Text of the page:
Parvez said his main motivation is to spread "positive news" across the community.
“We write stories of hope. Suppose there has been a boom in rice production this year, then we write about it. We write if someone bought a cow and now it produces enough milk to ensure the man is well-off. Or when a widowed woman secures a living by rearing chicken, we tell their stories,” he said.
Nesar Uddin, a farmer of West Sonatola village is a regular reader of Andharmanik. Talking with TRT World, Nesar Uddin said reading this newspaper "inspires us to do good for our community."
"We take immense pride in the fact that our village produces such a unique product like a handwritten newspaper,” he said.
Vehicle of creating awareness against climate change
Natural disasters like cyclones have ravaged the communities that read Andharmanik. They are at the forefront of facing the consequences of global climate change.
Parvez is also a victim of natural disasters. He and his family were uprooted from Barishal, a district in southern Bangladesh, as floods washed away their family home. They lost everything to the disaster. They migrated to Patuakhali as landless climate refugees and started afresh.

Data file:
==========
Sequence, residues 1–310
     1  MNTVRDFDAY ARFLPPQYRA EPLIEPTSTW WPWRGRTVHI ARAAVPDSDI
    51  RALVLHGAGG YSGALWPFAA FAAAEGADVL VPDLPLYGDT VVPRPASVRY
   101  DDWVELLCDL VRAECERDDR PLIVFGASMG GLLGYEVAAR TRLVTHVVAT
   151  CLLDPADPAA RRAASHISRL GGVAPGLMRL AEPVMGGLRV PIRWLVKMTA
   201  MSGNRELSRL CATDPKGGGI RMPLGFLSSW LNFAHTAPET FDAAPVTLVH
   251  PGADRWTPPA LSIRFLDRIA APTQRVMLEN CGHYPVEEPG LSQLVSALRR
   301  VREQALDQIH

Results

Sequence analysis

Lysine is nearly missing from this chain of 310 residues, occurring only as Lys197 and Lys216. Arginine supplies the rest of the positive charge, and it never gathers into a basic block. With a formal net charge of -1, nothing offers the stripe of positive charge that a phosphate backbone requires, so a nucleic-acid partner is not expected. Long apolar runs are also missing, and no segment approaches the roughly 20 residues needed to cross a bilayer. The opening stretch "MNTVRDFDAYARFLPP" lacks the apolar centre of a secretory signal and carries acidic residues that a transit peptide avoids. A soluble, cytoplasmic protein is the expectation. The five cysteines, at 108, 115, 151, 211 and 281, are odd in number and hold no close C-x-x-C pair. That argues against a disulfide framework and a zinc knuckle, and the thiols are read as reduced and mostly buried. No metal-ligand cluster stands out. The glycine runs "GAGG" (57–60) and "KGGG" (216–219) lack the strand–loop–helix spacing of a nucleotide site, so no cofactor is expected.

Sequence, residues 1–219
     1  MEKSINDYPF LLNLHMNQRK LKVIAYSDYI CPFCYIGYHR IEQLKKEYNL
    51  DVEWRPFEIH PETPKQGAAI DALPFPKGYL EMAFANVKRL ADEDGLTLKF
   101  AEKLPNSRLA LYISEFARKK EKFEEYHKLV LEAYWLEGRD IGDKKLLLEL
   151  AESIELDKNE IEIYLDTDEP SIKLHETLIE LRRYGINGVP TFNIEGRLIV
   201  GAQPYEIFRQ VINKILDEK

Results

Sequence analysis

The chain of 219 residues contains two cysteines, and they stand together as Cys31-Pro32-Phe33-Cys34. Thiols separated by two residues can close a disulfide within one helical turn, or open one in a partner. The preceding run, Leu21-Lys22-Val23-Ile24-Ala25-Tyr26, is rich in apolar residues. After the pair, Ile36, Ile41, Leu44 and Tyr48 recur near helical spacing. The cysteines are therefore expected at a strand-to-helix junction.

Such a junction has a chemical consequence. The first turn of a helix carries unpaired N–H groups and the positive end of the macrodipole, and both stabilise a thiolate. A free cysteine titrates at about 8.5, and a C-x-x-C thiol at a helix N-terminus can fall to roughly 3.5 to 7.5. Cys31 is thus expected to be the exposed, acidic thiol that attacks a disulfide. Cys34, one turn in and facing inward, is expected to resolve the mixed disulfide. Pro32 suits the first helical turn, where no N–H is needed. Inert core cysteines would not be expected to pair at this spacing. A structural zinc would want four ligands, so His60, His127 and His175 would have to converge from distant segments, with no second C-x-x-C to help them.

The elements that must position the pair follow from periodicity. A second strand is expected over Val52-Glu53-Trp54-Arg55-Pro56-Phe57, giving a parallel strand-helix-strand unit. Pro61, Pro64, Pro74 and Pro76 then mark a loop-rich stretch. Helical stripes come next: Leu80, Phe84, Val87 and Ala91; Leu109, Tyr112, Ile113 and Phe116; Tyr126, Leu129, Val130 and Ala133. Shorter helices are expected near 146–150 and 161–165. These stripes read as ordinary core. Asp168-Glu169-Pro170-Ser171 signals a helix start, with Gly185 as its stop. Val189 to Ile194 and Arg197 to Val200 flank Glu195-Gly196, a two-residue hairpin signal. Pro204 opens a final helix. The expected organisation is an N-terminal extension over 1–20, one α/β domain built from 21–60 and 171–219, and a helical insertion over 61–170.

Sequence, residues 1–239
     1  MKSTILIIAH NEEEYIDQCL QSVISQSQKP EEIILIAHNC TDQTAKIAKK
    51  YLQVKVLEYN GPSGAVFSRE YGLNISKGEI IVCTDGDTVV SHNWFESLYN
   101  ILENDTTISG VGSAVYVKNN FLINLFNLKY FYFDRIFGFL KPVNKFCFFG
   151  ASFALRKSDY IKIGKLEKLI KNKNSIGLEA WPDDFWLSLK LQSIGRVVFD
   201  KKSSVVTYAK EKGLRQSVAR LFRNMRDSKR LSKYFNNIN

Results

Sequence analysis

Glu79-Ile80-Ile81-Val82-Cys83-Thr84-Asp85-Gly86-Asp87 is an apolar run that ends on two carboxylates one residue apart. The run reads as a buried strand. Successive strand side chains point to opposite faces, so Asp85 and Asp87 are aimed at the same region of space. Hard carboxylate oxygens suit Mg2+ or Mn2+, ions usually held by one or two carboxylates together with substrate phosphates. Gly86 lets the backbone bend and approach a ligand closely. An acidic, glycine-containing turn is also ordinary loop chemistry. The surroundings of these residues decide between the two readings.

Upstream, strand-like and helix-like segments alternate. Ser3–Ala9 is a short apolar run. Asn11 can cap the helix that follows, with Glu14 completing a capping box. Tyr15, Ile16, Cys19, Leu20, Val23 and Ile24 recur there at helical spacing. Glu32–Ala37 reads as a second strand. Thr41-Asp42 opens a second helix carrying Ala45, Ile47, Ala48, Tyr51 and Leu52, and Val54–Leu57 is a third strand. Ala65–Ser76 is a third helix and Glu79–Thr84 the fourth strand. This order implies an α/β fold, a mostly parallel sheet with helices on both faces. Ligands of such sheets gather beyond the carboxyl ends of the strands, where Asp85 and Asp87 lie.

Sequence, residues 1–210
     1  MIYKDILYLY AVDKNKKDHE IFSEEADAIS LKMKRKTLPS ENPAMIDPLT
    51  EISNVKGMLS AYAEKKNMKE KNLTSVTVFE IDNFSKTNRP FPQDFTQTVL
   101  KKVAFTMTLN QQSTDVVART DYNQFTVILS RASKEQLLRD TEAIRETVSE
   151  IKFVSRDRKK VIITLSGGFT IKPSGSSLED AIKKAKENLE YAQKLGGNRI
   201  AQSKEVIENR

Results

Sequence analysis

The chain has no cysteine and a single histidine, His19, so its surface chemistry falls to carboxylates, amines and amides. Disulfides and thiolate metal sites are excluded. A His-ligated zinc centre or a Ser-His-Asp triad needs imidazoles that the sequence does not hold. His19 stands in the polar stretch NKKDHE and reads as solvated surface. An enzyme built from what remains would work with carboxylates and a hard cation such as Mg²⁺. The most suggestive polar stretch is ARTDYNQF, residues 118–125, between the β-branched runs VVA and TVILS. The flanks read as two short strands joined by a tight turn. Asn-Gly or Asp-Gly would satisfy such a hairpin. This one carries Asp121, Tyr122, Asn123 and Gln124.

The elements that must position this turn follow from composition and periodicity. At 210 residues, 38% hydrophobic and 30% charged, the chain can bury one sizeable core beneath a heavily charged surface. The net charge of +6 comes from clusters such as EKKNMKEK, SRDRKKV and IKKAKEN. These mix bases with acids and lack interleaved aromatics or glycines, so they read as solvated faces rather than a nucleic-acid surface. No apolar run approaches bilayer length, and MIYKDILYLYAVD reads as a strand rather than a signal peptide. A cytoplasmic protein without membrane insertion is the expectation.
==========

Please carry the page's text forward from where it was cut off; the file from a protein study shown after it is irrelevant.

"Bangladesh's coastal region is the biggest victim of natural disasters and highly affected by climate change with problems including salinity and waterlogging, soil erosion, flooding and cyclones,” he said.
“With my limited knowledge, I try to spread awareness about climate change through my newspaper. From last year, I try to put stories on how salinity is affecting our local farmers or how waterlogging becomes a common phenomenon in each issue of my paper”.